20 Facts About Greek Theatre

Image: http://www.vroma.org/images/mcmanus_images/actors.jpg

  1. The Ancient Greek drama, is a theatrical culture that flourished in ancient Greece from c. 700 BC.
  2. Athens Drama Festival originated from the Great Dionysia, a festival where people would take part in performances that explored great issues in their society.
  3. The earliest tragedy that survives, is Aeschylus Persai, dates from 472
  4. The festivals were attended by all Athenian citizens (women as well as men) and visitors from throughout Greece.
  5. Performances took place in amphitheatres and these were very big.
  6. Performances were performed in the open air.
  7. Semi-circular shape with rows of tiered stone seating around it. The shape of the theatres gave everyone in the audience excellent viewing and also meant they could hear the actors well too.
  8. The stage was raised within the circle – this shape made sure all the audience could see and helped amplify the sound.
  9. Very important visitors would sit in the front seats.
  10. Greek plays were either comedies or tragedies. Tragedies were often about the past, whereas comedies tended to be about current and everyday life.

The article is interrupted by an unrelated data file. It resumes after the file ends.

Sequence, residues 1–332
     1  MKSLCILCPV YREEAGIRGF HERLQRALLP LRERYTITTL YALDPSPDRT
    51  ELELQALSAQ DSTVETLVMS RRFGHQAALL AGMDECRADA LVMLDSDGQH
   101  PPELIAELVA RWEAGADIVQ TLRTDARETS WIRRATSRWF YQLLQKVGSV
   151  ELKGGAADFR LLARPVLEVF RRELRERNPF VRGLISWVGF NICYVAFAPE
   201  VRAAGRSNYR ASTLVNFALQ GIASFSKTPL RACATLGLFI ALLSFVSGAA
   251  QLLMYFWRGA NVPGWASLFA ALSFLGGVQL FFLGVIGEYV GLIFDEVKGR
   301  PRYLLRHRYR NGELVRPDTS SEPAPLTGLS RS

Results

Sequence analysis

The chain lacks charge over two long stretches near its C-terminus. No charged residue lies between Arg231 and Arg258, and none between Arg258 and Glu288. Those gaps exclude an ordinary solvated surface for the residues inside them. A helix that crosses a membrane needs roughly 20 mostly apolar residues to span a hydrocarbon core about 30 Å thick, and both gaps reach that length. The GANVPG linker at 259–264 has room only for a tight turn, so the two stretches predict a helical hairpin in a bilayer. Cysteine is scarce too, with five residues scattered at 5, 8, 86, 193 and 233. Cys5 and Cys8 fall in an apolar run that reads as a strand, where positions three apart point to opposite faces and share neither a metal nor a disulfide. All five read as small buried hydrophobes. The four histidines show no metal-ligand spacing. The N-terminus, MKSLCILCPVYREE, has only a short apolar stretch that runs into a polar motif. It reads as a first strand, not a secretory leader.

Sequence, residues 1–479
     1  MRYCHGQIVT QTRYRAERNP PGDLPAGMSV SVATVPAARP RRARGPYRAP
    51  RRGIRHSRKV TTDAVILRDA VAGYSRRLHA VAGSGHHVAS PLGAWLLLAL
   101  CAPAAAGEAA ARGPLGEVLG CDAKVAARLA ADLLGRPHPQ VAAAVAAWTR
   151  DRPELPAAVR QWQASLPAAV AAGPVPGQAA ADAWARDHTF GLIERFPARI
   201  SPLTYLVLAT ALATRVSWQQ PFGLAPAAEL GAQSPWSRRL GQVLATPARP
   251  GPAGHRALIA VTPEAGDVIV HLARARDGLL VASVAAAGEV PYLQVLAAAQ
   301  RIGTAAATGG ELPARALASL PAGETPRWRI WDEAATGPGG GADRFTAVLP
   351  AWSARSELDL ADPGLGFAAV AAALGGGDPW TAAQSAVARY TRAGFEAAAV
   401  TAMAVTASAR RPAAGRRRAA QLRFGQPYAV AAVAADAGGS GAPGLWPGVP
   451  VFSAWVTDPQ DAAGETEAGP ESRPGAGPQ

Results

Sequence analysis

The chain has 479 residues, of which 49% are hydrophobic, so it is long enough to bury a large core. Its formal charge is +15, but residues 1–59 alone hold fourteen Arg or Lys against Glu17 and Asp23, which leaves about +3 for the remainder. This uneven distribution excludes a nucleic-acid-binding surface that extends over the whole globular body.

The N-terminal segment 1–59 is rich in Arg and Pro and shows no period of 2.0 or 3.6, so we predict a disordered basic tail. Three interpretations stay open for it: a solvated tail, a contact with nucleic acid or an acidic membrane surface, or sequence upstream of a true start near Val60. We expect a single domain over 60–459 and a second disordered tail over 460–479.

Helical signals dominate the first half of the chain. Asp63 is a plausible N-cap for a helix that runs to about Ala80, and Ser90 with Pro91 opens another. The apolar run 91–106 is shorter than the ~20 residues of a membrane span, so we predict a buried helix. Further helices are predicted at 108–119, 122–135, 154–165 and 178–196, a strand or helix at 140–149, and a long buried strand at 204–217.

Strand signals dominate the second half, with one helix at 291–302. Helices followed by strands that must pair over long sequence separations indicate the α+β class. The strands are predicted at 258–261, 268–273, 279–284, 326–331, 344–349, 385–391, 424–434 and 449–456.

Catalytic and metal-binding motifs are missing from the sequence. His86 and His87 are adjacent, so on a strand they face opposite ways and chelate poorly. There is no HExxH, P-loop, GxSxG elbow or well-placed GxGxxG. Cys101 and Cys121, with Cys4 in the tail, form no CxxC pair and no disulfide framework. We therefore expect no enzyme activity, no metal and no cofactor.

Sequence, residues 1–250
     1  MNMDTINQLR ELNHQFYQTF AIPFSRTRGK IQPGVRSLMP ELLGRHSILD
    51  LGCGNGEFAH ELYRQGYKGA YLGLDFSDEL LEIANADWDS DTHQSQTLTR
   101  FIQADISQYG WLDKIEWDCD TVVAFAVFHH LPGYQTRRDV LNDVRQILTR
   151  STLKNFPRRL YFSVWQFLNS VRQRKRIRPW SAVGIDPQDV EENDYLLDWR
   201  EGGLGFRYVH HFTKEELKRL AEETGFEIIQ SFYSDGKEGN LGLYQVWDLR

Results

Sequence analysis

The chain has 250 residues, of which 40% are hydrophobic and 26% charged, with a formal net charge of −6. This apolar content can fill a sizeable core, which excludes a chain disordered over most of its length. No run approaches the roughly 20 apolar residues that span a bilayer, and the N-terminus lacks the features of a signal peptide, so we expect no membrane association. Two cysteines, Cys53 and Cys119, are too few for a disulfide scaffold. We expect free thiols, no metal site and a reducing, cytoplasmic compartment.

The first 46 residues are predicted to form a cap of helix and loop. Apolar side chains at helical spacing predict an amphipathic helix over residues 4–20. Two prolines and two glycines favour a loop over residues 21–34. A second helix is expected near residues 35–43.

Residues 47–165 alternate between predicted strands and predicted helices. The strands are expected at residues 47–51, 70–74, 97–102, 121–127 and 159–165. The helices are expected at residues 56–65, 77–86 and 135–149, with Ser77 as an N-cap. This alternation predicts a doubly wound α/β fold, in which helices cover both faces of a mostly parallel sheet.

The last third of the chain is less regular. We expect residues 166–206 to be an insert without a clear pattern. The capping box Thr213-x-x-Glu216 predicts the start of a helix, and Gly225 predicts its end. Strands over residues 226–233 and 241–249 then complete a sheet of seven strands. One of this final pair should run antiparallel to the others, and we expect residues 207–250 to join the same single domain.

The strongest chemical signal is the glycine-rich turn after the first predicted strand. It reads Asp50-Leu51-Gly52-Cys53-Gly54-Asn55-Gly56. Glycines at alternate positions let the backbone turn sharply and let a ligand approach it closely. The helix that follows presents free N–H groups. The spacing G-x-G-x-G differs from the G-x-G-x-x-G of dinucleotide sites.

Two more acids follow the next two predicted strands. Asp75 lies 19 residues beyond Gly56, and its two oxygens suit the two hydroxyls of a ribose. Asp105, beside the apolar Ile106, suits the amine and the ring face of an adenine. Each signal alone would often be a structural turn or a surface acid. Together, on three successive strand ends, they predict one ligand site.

11. The Drama Masks which are so often associated with the subject originate from Greek Theatre and stand for Comedy and Tragedy.
  12. Some famous playwrights include: Aeschylus, Sophocles and Euripides (who wrote tragedies) and Aristophanes (who wrote comedies).
  13. All the actors were men.
  14. Instead of one actor telling a story a group of actors known as a chorus worked together.
  15. Chorus worked in movement and voice so that stories could be heard and movements seen.
  16. A chorus consisted between 5 and 50 actors.
  17. The audience would throw food and stones if they thought the acting wasn’t good enough!
  18. They wore large masks that exaggerated facial features and emotions.
  19. The actors wore masks, bright colours for comedies and dark colours for tragedies.
  20. The masks were made from fabric and stiffened with plaster.

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